Apple hit with EU antitrust charge over its payment technology

Apple was charged with restricting rivals’ access to its NFC chip technology by EU antitrust regulators on Monday, a move that could result in a heavy fine for the iPhone manufacturer and force it to open up its mobile payment system to competitors.

The European Commission announced that it had given Apple a charge sheet, also known as a statement of objections, outlining how the corporation had exploited its dominant position in the market for mobile wallets on iOS devices.

“We have indications that Apple restricted third-party access to key technology necessary to develop rival mobile wallet solutions on Apple’s devices,” EU antitrust chief Margrethe Vestager said in a statement.

“In our statement of objections, we preliminarily found that Apple may have restricted competition, to the benefit of its own solution Apple Pay,” she said.

Apple stated that it would keep working with the Commission.

Apple Pay is just one of many payment alternatives available to Europeans, and it has ensured equal access to NFC while setting industry-leading privacy and security requirements.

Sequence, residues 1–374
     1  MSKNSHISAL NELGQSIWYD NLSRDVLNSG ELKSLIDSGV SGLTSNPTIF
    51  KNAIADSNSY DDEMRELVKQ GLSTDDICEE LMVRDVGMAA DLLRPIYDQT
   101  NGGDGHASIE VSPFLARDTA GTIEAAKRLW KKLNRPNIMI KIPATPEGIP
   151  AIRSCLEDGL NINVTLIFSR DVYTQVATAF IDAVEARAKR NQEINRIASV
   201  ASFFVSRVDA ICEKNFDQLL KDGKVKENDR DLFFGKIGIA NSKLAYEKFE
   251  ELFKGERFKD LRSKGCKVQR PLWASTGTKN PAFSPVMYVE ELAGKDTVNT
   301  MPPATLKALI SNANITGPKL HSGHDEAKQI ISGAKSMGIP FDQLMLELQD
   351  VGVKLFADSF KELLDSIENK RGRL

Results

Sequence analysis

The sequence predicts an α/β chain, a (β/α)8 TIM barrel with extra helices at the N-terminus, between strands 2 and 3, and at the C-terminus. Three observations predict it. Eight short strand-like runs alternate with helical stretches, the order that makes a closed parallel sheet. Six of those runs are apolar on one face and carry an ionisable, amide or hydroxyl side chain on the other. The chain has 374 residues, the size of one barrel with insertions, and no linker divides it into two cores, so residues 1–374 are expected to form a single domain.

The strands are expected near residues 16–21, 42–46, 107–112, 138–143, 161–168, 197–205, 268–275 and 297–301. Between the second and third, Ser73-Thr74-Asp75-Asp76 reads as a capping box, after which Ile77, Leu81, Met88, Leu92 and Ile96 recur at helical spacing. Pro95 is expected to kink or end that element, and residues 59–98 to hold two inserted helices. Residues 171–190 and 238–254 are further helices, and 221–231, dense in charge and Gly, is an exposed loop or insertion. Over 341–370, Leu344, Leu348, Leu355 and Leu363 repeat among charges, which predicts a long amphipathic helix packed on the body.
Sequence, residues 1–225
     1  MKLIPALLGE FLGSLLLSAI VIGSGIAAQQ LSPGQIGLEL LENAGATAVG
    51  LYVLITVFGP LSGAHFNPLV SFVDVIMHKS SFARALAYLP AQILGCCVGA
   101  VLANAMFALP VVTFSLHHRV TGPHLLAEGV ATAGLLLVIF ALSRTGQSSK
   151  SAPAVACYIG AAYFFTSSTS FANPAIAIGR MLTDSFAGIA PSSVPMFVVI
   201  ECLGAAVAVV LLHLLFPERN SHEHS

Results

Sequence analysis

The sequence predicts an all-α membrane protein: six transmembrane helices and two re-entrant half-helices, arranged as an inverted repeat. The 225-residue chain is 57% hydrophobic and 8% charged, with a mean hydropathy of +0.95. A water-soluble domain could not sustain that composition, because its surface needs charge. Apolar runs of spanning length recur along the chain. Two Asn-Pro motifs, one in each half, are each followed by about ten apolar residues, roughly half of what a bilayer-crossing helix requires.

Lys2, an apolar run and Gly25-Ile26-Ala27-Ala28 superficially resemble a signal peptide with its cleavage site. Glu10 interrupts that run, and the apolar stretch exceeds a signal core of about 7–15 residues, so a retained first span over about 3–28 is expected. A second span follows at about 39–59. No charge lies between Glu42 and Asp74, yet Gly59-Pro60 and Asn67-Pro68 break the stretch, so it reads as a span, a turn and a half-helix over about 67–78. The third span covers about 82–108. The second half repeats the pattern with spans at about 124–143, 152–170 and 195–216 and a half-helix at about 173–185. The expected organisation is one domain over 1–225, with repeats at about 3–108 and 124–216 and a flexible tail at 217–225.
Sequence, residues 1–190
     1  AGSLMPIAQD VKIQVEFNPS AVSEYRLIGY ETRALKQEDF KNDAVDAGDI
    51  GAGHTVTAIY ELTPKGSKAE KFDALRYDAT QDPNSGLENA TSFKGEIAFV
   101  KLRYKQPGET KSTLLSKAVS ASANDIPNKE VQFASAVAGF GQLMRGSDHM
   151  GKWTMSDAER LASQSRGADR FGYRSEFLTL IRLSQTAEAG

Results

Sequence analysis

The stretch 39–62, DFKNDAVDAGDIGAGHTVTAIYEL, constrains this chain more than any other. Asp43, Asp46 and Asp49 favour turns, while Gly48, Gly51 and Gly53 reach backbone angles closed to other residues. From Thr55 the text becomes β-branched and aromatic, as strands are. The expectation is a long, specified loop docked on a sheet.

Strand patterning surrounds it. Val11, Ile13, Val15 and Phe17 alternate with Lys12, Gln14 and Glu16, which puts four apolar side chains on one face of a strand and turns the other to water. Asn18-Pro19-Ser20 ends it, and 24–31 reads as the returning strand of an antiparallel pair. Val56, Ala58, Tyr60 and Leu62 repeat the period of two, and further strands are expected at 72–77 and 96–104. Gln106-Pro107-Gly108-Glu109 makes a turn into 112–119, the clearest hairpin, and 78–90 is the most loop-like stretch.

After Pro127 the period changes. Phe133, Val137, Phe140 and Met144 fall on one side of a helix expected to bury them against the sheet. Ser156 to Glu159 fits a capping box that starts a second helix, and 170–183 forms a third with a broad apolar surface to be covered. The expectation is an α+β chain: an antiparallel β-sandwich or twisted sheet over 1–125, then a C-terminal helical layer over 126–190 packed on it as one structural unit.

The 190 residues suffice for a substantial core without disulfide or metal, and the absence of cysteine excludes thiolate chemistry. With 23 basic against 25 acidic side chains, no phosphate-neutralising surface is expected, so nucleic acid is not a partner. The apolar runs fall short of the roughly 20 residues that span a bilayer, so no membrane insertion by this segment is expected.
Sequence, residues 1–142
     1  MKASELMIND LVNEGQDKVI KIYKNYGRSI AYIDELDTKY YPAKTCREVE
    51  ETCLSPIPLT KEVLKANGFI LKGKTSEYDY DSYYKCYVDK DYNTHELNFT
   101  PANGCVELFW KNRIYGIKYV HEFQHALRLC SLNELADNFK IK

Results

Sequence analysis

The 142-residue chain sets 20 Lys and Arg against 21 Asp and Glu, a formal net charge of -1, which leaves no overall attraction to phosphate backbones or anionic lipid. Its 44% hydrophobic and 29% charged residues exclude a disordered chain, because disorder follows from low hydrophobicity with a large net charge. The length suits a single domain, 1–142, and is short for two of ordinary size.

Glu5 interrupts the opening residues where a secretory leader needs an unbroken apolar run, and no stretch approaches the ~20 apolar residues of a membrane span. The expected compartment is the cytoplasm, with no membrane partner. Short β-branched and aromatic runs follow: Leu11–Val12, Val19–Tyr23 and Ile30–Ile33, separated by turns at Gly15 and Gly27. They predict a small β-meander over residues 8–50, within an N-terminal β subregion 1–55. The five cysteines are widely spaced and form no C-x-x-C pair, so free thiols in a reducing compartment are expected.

The Commission’s decision to send Apple a charge sheet, also known as a statement of objections, backed up a Reuters report from October of last year.

Apple Pay is a mobile payment and digital wallet service developed by Apple Inc. that allows users to pay in person, via iOS apps, and on the web using Safari. It works on iPhones, Apple Watches, iPads, and Macs. It isn’t compatible with any client device that isn’t manufactured and marketed by Apple. At a contactless-capable point-of-sale terminal, it automates and can substitute a credit or debit card chip and PIN transaction.

It may be used with any merchant that supports contactless payments and does not require Apple Pay-specific contactless payment terminals. Touch ID, Face ID, PIN, or passcode are all options for two-factor authentication. Near-field communication (NFC) is used to connect devices to point-of-sale systems, and an embedded secure element (eSE) is used to securely store payment data and perform cryptographic operations, as well as Apple’s Touch ID and Face ID for biometric authentication.